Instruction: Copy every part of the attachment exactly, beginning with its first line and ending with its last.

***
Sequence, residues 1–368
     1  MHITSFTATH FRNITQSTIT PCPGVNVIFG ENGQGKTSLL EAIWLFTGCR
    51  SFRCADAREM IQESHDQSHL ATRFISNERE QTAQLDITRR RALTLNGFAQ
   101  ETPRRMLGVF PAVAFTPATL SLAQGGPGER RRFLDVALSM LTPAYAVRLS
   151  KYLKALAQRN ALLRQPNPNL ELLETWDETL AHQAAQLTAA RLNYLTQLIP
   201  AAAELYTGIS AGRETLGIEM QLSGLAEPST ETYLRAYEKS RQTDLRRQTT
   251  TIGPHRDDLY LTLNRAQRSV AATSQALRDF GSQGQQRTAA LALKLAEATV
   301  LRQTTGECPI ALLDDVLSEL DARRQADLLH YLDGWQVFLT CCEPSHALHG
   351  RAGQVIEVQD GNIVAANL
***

Sequence, residues 1–368
     1  MHITSFTATH FRNITQSTIT PCPGVNVIFG ENGQGKTSLL EAIWLFTGCR
    51  SFRCADAREM IQESHDQSHL ATRFISNERE QTAQLDITRR RALTLNGFAQ
   101  ETPRRMLGVF PAVAFTPATL SLAQGGPGER RRFLDVALSM LTPAYAVRLS
   151  KYLKALAQRN ALLRQPNPNL ELLETWDETL AHQAAQLTAA RLNYLTQLIP
   201  AAAELYTGIS AGRETLGIEM QLSGLAEPST ETYLRAYEKS RQTDLRRQTT
   251  TIGPHRDDLY LTLNRAQRSV AATSQALRDF GSQGQQRTAA LALKLAEATV
   301  LRQTTGECPI ALLDDVLSEL DARRQADLLH YLDGWQVFLT CCEPSHALHG
   351  RAGQVIEVQD GNIVAANL